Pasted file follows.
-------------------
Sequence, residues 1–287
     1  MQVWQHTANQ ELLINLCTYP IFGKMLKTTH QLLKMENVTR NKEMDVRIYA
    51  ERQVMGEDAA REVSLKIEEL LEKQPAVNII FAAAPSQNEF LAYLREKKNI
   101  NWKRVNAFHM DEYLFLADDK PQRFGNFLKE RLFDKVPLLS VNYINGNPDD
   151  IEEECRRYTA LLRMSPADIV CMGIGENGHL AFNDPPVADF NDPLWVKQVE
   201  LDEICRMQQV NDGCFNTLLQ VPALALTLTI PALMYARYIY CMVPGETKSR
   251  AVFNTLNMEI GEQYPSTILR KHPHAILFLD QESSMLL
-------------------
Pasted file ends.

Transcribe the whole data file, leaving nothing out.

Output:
Sequence, residues 1–287
     1  MQVWQHTANQ ELLINLCTYP IFGKMLKTTH QLLKMENVTR NKEMDVRIYA
    51  ERQVMGEDAA REVSLKIEEL LEKQPAVNII FAAAPSQNEF LAYLREKKNI
   101  NWKRVNAFHM DEYLFLADDK PQRFGNFLKE RLFDKVPLLS VNYINGNPDD
   151  IEEECRRYTA LLRMSPADIV CMGIGENGHL AFNDPPVADF NDPLWVKQVE
   201  LDEICRMQQV NDGCFNTLLQ VPALALTLTI PALMYARYIY CMVPGETKSR
   251  AVFNTLNMEI GEQYPSTILR KHPHAILFLD QESSMLL